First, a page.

Executives at Columbia Records feared that the album would be a failure. They were unsure of success with a pop and jazz record.

Willie had already established himself in the Outlaw Country scene. He had built a huge following in and out of Nashville with his previously successful albums Red Headed Stranger and Wanted! The Outlaws.

Wanted! The Outlaws is a compilation album by Waylon Jennings, Willie Nelson, Jessi Colter, and Tompall Glaser, released by RCA in 1976. It was the first country music album to be certified Platinum.

Stardust only took 10 days in the recording studio.

The album was produced by Booker T Jones. At the time, Jones and Willie Nelson were neighbors in Malibu.

Jones was once the front man of the band Booker T and The MG’s. Often Jones is associated with the saxophone. Jones was a session musician for Stax Records and  played with Stephen Stills on his Eponymous album . Jones was familiar in R&B, soul, and electric blues.

Vocals and instrumental credits to the album :

Willie Nelson – vocals and guitar Bobbie Nelson– piano Paul English– drums Rex Ludwig– drums Jody Payne– guitar Bee Spears– bass Chris Ethridge-bass Mickey Raphael-Harmonica Booker T Jones– organ and piano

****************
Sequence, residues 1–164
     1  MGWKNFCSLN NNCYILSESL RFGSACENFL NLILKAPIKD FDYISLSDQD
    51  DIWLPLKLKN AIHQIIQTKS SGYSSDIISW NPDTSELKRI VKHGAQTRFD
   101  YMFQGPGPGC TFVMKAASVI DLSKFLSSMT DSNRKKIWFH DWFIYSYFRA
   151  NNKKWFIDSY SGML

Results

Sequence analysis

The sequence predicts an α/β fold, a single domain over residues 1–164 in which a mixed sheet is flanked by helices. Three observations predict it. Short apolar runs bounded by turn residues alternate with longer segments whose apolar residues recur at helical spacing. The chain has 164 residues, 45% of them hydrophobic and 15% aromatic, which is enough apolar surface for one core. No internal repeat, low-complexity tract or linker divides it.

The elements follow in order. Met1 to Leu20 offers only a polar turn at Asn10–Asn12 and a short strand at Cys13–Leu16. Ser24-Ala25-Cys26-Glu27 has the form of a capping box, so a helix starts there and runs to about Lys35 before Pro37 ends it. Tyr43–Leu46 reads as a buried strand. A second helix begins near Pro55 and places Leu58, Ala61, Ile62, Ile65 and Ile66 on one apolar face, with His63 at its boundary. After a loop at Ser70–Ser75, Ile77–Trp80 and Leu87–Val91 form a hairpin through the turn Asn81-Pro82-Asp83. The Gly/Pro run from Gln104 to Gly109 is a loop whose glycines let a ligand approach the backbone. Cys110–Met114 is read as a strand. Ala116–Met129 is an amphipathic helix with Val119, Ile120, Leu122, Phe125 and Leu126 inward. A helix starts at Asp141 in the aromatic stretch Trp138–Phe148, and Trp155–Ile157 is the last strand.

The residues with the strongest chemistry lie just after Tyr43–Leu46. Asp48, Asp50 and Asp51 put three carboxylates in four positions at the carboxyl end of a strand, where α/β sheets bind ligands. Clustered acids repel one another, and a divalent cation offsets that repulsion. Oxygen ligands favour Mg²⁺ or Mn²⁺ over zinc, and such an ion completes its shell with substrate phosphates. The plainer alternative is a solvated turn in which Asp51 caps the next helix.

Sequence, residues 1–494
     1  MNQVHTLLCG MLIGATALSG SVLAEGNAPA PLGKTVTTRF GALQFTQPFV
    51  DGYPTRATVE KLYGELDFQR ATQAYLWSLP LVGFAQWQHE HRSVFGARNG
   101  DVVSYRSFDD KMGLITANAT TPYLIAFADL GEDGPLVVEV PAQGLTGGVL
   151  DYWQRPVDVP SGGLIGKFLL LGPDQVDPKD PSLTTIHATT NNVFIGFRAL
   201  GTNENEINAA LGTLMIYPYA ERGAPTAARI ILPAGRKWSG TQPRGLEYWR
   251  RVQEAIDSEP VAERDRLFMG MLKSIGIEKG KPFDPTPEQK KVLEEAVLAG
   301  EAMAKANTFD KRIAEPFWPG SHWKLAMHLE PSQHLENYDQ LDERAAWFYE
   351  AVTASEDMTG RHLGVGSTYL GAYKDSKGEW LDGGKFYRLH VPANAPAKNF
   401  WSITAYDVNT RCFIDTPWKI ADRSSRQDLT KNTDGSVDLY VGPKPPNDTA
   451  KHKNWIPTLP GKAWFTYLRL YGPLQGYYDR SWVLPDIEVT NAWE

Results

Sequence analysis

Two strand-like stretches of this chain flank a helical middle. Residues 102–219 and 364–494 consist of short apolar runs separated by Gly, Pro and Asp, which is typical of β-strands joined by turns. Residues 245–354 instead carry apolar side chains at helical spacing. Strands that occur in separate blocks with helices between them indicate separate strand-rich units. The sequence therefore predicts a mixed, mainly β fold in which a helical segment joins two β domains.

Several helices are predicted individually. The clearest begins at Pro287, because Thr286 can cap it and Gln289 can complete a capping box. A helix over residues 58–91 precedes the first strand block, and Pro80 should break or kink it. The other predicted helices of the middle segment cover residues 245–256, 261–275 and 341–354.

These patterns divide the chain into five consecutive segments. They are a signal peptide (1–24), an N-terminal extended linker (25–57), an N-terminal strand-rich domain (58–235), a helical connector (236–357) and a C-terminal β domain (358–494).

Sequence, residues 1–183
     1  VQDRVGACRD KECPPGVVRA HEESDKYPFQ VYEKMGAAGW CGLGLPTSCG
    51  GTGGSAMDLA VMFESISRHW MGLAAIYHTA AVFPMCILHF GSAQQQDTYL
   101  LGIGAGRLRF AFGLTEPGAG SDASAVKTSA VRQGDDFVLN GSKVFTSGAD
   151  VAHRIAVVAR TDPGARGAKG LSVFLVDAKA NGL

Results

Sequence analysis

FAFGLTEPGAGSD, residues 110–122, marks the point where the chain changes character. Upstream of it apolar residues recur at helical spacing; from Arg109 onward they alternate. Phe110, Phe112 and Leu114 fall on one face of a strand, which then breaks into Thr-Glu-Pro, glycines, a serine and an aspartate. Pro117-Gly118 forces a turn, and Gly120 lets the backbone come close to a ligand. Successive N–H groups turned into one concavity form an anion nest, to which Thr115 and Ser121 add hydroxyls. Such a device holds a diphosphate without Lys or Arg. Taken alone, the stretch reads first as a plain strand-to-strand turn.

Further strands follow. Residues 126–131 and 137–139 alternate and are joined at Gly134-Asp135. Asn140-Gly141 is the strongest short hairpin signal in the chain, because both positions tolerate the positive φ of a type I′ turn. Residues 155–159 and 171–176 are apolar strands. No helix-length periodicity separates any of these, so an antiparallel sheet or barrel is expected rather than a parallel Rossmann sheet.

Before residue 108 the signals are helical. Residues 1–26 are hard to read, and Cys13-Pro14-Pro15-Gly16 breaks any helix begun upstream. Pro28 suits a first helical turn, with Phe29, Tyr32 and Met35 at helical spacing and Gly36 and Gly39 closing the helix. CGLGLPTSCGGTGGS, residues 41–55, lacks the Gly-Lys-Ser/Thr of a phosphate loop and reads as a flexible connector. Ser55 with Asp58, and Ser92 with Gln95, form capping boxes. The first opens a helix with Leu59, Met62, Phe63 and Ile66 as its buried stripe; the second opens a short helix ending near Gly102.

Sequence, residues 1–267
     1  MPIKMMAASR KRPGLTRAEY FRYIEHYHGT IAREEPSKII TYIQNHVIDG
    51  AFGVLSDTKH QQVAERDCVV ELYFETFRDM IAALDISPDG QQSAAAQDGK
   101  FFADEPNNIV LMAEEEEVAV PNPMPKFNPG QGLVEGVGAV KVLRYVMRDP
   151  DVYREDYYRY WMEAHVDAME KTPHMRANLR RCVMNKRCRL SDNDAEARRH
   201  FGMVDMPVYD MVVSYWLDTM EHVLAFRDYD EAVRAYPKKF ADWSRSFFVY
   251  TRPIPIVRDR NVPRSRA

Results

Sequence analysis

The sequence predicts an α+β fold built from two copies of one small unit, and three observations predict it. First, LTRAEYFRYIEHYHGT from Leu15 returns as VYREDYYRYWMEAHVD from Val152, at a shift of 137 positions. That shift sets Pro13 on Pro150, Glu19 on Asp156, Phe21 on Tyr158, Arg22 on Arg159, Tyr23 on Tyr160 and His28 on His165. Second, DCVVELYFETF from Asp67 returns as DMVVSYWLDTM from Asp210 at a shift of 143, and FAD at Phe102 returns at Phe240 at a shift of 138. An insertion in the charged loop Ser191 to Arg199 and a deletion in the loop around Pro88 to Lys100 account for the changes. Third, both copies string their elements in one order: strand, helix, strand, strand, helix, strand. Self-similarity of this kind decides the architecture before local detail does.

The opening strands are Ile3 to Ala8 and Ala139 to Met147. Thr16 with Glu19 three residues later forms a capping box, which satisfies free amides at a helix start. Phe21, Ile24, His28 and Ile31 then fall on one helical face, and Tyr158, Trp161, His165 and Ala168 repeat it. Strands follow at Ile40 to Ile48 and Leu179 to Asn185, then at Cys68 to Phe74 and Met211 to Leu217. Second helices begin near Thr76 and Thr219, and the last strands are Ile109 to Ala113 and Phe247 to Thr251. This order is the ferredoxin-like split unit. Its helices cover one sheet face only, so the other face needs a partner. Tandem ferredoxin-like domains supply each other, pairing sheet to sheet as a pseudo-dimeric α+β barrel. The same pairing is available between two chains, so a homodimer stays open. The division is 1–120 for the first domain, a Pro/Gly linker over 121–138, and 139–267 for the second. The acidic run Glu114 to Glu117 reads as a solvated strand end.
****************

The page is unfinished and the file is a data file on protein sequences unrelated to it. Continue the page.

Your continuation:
The cover of the stardust album was designed from a painting done by Guy Clark’s wife, Susanna Clark. The rear features a photograph by Beverly Parker of Willie Nelson wearing a top hat. The hats band has a beaded tribal design.

Stardust released in April 1978. The Album peaked to number one in Billboard Top Country Albums.

Songs fromthe album, “Blue Skies” and “All of Me” charted number one and three on Hot Country Songs.

By December of 1978 Stardust had been certified as Platinum. It was named Top Country Album for the Year 1978.

Willie Nelson became the highest-grossing concert act in the United States.

 In 1979, Nelson won a Grammy for Best Male Country Vocal Performance for “Georgia on My Mind.” Soon after “September Song” peaked at number fifteen in Billboard’s Hot Country Singles.

Stardust spent two years on the Billboard 200.

Rolling Stones ranks Stardust at #260 in Rolling Stone’s 500 Greatest Albums of All Time.

I gotta go, it’s time to turn the record over. I can listen to this music all night long.